Monday, December 30, 2013

Some icy poetic just-ice

On my last post, I posted about record low temperatures in Antarctica. After I did that post, a research vessel got stranded in an ice floe that blew together and froze solid. The floe is approximately ten feet thick. The ship, the Akademik Shokalskiy, is trapped behind about twelve miles of very solid ice. So far, they have not been able to make a trail through the ice, some of the worlds largest ice-breaker ships have not been able to penetrate the icy barrier.
Akademik Shokalskly
The ice-breaker Aurora Australis was the first ship that came to the rescue. It became trapped in the ice for a short time but it was able to break free. The two ships are within clear sight of each other, and there is helicopter transportation in case of a medical emergency, or as will probably happen, they will have to abandon the ship.

From the "Expeditions Online" website: The Akademik Shokalskiy is a fully ice-strengthened expedition vessel built in 1984 for polar and oceanographic research. This class of vessel is world renowned for polar exploration, because of its strength, maneuverability and small passenger numbers. The Shokalskiy provides comfortable accommodation in double and twin cabins with private facilities. All cabins have outside windows and ample storage space. On board there is a combined bar/library lounge area and a dedicated lecture room, where the science team and expedition staff will present a programme of talks.

The ship is of Russian registry and has the following specifications:

  • Classification: Russian register KM ice class
  • Accommodation: 50 berths 
  • Shipyard: Finland
  • Main engines: power 2x1560 bhp (2x 1147 Kw)
  • Maximum speed: 12 knots (2 engines),
  • Cruising speed: 10 knots(one engine)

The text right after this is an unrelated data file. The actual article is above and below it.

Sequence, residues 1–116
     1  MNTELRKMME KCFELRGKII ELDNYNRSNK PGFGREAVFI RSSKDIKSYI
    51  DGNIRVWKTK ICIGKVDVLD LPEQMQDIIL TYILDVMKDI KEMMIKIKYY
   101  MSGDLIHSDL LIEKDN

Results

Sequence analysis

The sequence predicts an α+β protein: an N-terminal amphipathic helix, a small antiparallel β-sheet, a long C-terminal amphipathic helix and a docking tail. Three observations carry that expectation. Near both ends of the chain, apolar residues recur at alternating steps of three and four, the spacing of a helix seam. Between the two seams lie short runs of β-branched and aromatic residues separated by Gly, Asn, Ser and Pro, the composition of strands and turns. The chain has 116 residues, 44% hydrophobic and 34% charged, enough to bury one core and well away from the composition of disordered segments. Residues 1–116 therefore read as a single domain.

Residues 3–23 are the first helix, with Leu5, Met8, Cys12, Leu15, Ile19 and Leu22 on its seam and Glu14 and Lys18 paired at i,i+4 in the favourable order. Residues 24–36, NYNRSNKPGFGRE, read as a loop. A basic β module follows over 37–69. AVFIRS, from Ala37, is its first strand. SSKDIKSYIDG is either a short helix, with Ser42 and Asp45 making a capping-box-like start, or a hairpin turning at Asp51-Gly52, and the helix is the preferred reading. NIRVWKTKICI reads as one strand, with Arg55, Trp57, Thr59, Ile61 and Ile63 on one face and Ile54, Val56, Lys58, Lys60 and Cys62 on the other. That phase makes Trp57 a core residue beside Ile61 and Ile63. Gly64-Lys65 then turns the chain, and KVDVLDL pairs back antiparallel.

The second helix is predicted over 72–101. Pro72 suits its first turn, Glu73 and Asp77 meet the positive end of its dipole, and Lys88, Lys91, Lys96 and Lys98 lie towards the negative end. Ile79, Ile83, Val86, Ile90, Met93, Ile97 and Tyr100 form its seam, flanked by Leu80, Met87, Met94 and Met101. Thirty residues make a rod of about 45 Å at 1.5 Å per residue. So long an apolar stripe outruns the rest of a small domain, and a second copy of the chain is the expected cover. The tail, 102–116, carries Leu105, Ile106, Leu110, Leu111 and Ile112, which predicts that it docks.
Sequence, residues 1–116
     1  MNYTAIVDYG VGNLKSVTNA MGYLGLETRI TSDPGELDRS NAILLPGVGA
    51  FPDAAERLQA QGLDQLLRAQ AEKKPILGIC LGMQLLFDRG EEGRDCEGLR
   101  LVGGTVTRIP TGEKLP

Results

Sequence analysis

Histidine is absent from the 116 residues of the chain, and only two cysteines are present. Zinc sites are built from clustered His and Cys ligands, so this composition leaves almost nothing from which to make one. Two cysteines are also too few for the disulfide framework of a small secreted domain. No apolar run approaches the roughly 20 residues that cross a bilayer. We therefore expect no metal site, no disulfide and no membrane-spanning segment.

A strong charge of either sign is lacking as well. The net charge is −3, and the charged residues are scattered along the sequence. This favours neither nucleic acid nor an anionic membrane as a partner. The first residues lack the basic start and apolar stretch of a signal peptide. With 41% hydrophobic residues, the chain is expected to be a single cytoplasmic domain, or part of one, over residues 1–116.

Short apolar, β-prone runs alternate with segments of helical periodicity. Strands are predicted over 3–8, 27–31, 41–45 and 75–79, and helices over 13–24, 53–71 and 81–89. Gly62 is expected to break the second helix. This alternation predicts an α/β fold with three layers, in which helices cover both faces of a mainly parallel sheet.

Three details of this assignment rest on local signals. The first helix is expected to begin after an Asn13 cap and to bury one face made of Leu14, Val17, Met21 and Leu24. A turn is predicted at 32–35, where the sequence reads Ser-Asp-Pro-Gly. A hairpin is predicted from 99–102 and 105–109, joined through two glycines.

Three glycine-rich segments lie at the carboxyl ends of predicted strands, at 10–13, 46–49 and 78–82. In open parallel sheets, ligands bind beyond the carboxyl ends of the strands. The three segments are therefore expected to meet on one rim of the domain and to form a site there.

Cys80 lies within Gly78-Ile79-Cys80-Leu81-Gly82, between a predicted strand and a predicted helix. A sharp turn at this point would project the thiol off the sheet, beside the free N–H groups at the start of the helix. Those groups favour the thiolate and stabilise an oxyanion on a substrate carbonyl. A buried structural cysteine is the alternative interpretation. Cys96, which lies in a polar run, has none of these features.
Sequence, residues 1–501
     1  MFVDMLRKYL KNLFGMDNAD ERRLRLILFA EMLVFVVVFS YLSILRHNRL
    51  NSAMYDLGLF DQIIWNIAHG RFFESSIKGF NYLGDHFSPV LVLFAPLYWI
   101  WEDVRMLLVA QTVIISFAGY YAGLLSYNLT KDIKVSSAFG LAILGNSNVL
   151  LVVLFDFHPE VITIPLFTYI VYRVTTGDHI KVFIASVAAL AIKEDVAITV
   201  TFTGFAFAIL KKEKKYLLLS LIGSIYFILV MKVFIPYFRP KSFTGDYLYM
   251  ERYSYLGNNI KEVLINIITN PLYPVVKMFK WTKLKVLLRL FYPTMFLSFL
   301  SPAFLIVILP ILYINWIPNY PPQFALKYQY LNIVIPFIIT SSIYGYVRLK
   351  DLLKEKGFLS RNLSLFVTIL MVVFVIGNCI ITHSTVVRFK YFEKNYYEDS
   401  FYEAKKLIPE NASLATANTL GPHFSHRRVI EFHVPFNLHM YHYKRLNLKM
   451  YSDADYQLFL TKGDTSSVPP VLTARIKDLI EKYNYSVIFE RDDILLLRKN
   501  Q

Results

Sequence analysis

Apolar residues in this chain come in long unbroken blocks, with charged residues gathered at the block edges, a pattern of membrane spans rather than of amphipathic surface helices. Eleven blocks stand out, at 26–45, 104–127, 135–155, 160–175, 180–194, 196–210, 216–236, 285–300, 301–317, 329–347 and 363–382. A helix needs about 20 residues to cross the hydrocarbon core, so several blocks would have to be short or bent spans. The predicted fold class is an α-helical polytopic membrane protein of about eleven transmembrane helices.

• Bunker capacity: 320 tons
I really shouldn't criticize, but some things just scream for criticism. First, it seems that we often read about ships in trouble in the Antarctic seas. Is it really worth all that risk? I have several dear friends that have taken Antarctic cruises. They loved them. they came home with great stories about how they saw ice and penguins... Did I miss something??? I can make ice in my own kitchen refrigerator. You can see Penguins at almost any good zoo. There must have been millions of dollars rescuing these Antarctic adventurers. Who pays for that?  I don't like risk. I won't even risk going on a roller-coaster unless my wife calls me a sissy then I have to, any man will understand that. If people want risk, why don't they do it accomplishing something worthwhile? Like become a volunteer firefighter. Why not save a house or a life? The rewards are immeasurable.

Second: I got carried away on "First". Second: The boat only has 3,120 horse-power that's only 8 times more horsepower than a GTO. Now you see why I call it a boat. It doesn't even have enough horse-power to move the boat, let alone plow ice. Give me a break! Obviously it was built exactly for what it is... being stuck in the ice.

Third: Top speed 12 Knots? People can run that fast. To call itself a ship it should be able to do at least thirty knots. A real ship could do 40.


This 418 foot ship can sustain 45 knots or 52 mph. Photo Dennis Griggs

The thing that I actually find to be the most hilarious about this story is that the boat is in the Antarctic on a scientific expedition studying "Weather Change", formerly known as Global Warming. Karma anyone? Or, Maybe better, hoisted on their own petard.

11 comments:

Anonymous said...

Iced in, in the middle of summer to boot.

Oregon

Ernie Branscomb said...